Steve Bonham

Butterfly on Gilt FrameBettle with HollyPurple BeetleBeetle and BeeButterfly and BooksGold BugDianaBotanical IStriped BeetleButterfly and LadybugFlying FishKansas City Star (Jean Harlow)Miniature IMiniature IIMiniature IX (Time Flies)Miniature IIIMiniature IVMiniature VMiniature VIMiniature VIIMiniature VIIIBrass KnobMiniature X (Hercules)Lions DoorMarilynRed Headed Woman

 

Steve BonhamRealistic painters face a tougher challenge than some other artists. Not only must they be skilled enough to depict real objects, they have to be original enough to create something new on the canvas.  The artwork of Kansas Citian, Steve Bonham, succeeds on both counts.

In Steve’s latest series of oil paintings, his take on the still life turns that genre on its head. Run-of-the-mill bowls of fruit or vases full of flowers are gone, replaced by tarnished door handles, pocket watches, rusted horse shoes, old-fashioned keys, postcards of classic Greek statues, and insects.  Any yearning for the past conveyed by the objects is counterbalanced by a bright color palette and vivid textural details.  The artist’s technique shows the dustiness of a butterfly wing, paint peeling from barnwood, and the iridescence of a beetle shell. It’s in these details that the painter honors the past while celebrating the beauty of the present moment.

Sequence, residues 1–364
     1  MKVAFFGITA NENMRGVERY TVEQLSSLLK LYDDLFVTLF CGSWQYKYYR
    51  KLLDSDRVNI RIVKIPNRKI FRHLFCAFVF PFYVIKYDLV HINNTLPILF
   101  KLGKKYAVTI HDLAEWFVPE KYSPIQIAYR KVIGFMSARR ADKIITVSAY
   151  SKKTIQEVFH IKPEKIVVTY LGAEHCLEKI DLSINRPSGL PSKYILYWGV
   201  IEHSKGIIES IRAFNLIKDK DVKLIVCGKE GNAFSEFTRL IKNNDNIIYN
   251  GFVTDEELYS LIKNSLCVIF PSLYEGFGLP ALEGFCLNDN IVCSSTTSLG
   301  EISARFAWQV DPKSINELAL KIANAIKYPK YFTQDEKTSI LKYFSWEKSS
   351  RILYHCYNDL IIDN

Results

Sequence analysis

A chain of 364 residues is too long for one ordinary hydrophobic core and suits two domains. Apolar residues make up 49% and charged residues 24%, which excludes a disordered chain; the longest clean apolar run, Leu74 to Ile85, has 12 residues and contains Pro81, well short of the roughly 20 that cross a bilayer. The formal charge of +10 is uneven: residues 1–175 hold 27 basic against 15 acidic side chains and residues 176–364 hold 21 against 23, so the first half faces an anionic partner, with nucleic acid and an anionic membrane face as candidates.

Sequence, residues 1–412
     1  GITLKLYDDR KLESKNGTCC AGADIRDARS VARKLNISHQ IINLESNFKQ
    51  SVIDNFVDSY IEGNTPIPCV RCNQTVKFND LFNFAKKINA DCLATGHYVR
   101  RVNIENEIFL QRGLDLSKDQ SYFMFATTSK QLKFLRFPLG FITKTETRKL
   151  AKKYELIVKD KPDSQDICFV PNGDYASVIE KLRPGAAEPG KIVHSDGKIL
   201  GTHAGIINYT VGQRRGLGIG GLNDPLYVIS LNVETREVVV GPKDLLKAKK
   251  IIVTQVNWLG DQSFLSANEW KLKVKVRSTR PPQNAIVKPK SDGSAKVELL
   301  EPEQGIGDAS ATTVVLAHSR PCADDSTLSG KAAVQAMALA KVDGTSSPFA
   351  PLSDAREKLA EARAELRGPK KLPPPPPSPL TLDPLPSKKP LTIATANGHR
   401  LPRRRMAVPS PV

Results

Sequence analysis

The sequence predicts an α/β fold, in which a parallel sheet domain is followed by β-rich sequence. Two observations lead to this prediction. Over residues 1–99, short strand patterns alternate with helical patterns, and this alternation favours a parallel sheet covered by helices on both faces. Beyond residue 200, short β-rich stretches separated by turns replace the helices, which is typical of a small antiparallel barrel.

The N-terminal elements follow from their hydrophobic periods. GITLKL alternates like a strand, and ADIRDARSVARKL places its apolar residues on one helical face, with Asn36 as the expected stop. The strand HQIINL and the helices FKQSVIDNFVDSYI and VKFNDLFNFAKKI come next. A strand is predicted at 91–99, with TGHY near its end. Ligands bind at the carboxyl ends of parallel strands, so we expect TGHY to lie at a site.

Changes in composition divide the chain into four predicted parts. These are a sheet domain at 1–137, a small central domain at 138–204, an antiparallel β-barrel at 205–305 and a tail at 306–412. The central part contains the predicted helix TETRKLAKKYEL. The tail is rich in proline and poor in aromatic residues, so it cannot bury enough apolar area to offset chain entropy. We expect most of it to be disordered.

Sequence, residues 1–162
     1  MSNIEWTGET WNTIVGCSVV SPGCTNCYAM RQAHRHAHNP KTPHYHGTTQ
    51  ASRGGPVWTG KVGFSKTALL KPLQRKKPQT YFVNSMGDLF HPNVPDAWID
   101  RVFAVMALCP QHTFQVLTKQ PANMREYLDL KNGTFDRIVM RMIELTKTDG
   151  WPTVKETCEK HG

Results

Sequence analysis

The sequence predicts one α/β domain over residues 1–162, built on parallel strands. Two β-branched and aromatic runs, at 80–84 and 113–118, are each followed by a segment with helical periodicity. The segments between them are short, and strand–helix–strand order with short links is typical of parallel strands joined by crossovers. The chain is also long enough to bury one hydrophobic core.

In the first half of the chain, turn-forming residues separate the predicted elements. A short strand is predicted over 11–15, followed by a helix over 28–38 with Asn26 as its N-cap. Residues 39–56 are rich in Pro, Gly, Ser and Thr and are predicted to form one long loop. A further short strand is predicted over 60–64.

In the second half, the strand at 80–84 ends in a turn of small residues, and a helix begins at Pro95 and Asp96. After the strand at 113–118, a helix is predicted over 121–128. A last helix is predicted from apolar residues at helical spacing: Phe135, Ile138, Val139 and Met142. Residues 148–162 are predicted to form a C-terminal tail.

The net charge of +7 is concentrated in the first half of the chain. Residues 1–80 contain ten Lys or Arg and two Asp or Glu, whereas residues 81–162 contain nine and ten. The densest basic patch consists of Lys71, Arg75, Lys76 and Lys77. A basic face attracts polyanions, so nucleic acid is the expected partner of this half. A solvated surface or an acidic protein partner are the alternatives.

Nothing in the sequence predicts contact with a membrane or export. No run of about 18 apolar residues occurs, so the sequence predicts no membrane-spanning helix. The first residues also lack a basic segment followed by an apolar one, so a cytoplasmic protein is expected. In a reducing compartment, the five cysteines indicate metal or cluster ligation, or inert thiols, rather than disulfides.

While his focus is now on fine painting, Steve has experience in commercial art and illustration.  National clients include the New York Times and Universal Studios Park in Orlando, Florida.  Locally, his illustrations have run in the Kansas City Star newspaper for several years and he has done work for Bernstein-Rein Advertising.

Steve graduated from the University of Kansas with a bachelor of fine arts degree in painting and studied for a year at the Kansas City Art Institute with an emphasis in design and illustration.  His work for the conservation department at the Nelson-Atkins Museum fostered a deep appreciation for its print collection. He also worked extensively restoring period frames for the museum.

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